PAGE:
For example, there are products on the market that automatically convert e-mail attachments in a variety of formats, such as word processing, spreadsheets and PDF files, to popular wireless formats, including WML, cHTML, and XHTML (see Figure 3). Attachments are then delivered in the particular formats a device natively supports, eliminating the need for an attachment's native application to reside on the device. This technology enables authors of critical business documents to create e-mail attachments using the applications they prefer, and their mobile co-workers to easily receive this information on a variety of wireless devices.

Create an Acceptable User Experience
When designing a wireless infrastructure, companies must make user satisfaction a priority. Many different kinds of wireless devices are available, and organizations must match the work styles of employees with the appropriate devices. In addition, companies must choose a wireless application suite and network configuration that best suits their needs. Pilot tests should be conducted to ensure that an acceptable user experience has been created and feedback from such field trials is rapidly incorporated back into the project.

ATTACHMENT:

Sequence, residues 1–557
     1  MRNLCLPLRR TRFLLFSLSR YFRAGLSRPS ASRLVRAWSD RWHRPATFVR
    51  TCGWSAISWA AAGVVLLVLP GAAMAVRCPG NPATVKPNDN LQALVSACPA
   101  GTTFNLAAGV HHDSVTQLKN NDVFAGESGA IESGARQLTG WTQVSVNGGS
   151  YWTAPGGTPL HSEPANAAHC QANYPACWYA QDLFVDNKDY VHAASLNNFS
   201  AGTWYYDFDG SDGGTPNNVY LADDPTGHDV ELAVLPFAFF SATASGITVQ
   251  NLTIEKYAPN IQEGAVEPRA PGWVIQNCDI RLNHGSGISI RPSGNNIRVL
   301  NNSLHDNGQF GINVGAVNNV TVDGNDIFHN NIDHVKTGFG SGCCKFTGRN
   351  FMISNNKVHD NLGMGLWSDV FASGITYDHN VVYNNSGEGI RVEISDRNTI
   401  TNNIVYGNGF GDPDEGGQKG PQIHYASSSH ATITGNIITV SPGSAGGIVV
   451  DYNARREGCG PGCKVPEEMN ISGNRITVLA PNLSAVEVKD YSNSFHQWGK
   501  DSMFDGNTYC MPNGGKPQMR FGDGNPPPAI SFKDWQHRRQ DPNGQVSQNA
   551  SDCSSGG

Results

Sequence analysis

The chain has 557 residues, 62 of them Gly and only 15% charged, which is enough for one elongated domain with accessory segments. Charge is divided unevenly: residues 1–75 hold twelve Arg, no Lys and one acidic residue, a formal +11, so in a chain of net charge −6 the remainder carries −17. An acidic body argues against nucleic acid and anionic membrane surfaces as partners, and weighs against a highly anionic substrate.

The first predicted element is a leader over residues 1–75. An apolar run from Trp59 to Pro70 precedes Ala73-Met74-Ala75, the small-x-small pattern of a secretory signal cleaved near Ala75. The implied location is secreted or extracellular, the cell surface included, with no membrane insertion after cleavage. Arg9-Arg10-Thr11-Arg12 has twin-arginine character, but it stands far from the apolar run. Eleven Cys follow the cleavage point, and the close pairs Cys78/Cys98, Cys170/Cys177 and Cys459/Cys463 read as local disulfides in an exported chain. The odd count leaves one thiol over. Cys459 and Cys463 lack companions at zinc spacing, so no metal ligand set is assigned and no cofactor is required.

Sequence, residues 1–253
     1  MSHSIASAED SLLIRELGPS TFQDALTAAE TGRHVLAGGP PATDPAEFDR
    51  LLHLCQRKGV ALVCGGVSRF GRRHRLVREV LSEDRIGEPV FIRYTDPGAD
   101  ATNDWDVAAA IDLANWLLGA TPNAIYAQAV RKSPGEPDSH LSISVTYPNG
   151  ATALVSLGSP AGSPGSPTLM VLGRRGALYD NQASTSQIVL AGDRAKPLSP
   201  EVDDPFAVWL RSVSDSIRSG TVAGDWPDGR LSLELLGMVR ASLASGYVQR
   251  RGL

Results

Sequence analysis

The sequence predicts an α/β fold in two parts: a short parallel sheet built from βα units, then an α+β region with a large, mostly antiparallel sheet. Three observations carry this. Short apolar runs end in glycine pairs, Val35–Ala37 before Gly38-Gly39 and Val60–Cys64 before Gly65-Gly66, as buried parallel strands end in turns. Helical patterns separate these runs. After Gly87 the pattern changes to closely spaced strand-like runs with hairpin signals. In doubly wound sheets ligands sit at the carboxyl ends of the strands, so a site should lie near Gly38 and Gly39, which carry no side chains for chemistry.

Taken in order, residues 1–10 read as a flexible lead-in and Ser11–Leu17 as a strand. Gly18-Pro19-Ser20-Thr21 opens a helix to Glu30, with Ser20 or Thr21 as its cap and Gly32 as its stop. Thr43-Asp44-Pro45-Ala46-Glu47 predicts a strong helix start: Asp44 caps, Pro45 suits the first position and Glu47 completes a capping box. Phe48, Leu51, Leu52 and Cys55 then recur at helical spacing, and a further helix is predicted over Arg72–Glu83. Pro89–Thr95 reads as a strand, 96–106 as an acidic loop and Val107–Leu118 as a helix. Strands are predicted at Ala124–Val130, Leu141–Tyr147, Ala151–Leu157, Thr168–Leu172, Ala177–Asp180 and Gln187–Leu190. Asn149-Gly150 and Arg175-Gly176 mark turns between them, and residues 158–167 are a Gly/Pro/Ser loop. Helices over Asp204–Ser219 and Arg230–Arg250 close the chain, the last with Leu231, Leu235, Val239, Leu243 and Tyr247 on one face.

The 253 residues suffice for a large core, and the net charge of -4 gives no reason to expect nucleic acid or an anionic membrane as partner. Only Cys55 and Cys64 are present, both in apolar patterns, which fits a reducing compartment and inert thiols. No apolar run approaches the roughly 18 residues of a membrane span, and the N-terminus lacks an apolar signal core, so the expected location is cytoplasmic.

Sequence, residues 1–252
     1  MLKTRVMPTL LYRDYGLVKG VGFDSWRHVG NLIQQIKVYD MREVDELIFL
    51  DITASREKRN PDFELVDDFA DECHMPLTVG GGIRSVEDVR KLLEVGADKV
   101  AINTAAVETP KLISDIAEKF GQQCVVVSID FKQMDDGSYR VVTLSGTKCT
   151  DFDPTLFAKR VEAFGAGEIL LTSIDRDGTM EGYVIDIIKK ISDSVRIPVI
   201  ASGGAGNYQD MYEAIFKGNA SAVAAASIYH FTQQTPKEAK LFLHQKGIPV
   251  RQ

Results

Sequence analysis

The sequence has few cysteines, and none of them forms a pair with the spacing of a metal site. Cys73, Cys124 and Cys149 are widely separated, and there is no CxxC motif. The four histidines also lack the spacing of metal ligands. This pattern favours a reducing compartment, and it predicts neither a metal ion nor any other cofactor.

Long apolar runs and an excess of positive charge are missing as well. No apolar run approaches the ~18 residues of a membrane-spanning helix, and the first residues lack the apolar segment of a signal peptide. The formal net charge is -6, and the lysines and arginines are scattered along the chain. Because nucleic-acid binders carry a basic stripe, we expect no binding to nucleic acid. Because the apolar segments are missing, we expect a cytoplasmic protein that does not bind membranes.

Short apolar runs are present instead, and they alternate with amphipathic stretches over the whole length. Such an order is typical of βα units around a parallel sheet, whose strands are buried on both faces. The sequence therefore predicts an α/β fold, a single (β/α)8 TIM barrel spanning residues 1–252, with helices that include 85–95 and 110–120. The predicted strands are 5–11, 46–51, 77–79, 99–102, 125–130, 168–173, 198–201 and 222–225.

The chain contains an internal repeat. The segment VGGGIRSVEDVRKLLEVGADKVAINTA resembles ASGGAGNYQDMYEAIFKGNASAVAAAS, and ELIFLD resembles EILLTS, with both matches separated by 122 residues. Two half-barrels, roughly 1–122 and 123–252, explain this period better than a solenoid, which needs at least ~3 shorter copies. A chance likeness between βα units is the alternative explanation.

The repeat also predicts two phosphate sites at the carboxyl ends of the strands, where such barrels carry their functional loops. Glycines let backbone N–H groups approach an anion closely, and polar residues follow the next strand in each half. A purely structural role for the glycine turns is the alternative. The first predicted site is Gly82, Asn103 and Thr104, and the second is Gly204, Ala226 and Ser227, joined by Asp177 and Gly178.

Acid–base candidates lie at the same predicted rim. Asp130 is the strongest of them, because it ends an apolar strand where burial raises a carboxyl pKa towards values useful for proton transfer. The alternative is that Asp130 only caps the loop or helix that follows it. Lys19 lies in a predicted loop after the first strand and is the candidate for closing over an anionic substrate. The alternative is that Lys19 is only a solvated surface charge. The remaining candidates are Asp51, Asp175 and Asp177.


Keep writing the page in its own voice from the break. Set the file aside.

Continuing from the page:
Decrease Security Risks
The first thing companies must recognize when considering how to reduce security risks is that wireless devices are another access point for enterprise data and, consequently, must be supported by an IT department. Wireless networks have security holes IT departments must work to fill as much as possible. One step that companies can take is to segment their wireless networks, so only data and applications that need to be accessed remotely are available to wireless devices. Companies should not make themselves vulnerable by giving wireless users access to information they don't need.

Communication Medium of the Future
Even though many devices today are able to support a number of content management functions such as search and retrieval, workflow and access control of corporate repositories, few organizations are utilizing these capabilities due to obstacles they have yet to overcome.

Companies must take steps now to ensure they take advantage of the full business potential the wireless Internet represents. By deploying an enterprise content management system with a wireless architecture and utilizing wireless content access and viewing technology, many of those barriers can be conquered.

While an enterprise wireless deployment may be seen as a competitive advantage today, in 3-5 years, wireless Internet applications will be a competitive necessity. Don't be left behind.

More Stories By Scott Norder

Scott Norder is president of Stellent’s Software Components Division